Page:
Mariupol, Ukraine: ‘It is hell there’—testimony of a Catholic priest
ACCORDING TO ITS OWN REPORTS, THE RUSSIAN ARMY on March 8 put in place a new ceasefire in Ukraine and has opened “humanitarian corridors” for five cities. One of them is Mariupol, a port city on the Azov Sea which is besieged by Russian troops. There have already been four attempts to evacuate the city, and many people were able to leave the past weekend.
Aid to the Church in Need (ACN) has long-term partners in Mariupol, including the Pauline Fathers. Since March 3rd ACN had not heard from them. Only on March 6 did one of the priests, Father Pavlo, get in touch. The priests came out of Mariupol March 5 as part of a convoy of 100 cars.They are still on the road and haven’t yet now arrived in a safer place. The priests have lived through an inferno. ACN would like to share this testimony from Fr Pavlo, to encourage people to pray for, and help, people in the war zones.
“Mariupol is like Armageddon. It is hell. Please tell the world: it is a tragedy. There is just shooting at random. The whole town is like one big battlefield. Everywhere bombs are falling. Everywhere you just hear shooting. Mariupol is a city surrounded by the Russian army. The people are just sitting in their basements.
“We could hardly sleep. Nobody could sleep. Our whole bodies ached from all the bomb attacks. I had set up a shelter in a corner – that was where I lived, so to speak. We were all scared. Our monastery was being built with the help of Aid to the Church in Need and the building was not yet complete. Unfortunately, we had no basement. Recently we also had no electricity, no water and nothing to eat, only the supplies which we had brought with us.
“For two days I just had a tin: when you are going through something like this, you don’t feel hungry. You can survive without food, but not without water. People left their houses looking for water, and as a result many of them died brutal deaths. Walking in the street in Mariupol amounted to suicide. We said to the faithful that they should stay at home and that we would not celebrate any Masses, because it was too dangerous.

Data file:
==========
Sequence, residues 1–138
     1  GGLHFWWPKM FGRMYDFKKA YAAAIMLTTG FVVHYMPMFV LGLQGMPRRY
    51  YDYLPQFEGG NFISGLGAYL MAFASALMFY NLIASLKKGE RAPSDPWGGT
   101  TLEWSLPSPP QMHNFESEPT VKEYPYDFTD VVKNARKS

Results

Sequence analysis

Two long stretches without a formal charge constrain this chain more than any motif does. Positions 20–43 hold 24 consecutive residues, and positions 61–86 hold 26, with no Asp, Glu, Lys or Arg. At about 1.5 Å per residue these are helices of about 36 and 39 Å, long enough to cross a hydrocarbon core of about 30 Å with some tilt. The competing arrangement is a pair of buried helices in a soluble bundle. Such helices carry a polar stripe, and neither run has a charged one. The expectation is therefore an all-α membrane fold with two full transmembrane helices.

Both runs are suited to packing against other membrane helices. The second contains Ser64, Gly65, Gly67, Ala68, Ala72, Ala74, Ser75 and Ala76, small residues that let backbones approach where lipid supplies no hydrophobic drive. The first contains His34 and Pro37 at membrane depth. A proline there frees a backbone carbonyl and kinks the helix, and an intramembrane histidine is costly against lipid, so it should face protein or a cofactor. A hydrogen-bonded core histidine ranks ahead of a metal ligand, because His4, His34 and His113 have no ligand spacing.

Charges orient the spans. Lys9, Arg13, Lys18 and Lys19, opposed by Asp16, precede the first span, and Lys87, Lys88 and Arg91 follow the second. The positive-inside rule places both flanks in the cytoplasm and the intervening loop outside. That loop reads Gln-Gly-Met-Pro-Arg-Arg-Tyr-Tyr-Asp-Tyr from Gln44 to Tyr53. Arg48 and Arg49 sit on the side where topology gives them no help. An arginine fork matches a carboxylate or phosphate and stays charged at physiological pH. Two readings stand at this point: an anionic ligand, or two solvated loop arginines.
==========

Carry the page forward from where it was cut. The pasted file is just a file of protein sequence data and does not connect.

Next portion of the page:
“On Saturday we formed a convoy of 100 cars and wanted to leave the city. The soldiers at all the checkpoints let us through until the separatists from the so-called Republic of Donetsk stopped us. We weren’t allowed to go any further, but they let us seek refuge in a little village. After that there were more detours. We had pregnant women and children with us. I can’t forget the picture of a pregnant woman on her knees, begging the separatists to let us through, but they refused.
“You can’t imagine all the things we saw out there. They’re pictures you can’t forget: all over the place everything destroyed by bombs, and sometimes having to drive around bodies which were lying in the way. This tragedy cries to heaven!
“We are now out of the city. Everyone tried to save their own life and get to a safe place, but what happens to the people who can’t and are still in Mariupol? With many people we have no contact: we have no idea where they are and who is still alive. Mariupol is a city surrounded by the Russian army. Dear God, when will this whole thing end? Pray for us.”